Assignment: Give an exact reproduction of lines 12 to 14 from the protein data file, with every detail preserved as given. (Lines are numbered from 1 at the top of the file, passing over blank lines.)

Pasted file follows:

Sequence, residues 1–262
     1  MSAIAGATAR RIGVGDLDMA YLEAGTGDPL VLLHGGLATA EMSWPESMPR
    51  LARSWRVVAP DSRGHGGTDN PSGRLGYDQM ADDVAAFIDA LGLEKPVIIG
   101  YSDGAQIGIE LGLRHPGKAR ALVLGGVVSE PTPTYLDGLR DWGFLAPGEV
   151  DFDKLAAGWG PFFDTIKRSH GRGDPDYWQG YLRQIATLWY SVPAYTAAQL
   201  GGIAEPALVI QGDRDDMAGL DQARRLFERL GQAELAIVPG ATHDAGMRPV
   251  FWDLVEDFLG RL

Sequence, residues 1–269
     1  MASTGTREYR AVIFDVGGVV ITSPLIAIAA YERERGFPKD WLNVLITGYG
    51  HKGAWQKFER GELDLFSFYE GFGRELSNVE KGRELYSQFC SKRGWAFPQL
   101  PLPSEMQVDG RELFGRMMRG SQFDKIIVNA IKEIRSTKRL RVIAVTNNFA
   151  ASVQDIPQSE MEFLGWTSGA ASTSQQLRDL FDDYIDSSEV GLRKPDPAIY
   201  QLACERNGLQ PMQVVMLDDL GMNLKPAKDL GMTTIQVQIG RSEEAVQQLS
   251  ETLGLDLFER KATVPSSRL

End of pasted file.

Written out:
   151  ASVQDIPQSE MEFLGWTSGA ASTSQQLRDL FDDYIDSSEV GLRKPDPAIY
   201  QLACERNGLQ PMQVVMLDDL GMNLKPAKDL GMTTIQVQIG RSEEAVQQLS
   251  ETLGLDLFER KATVPSSRL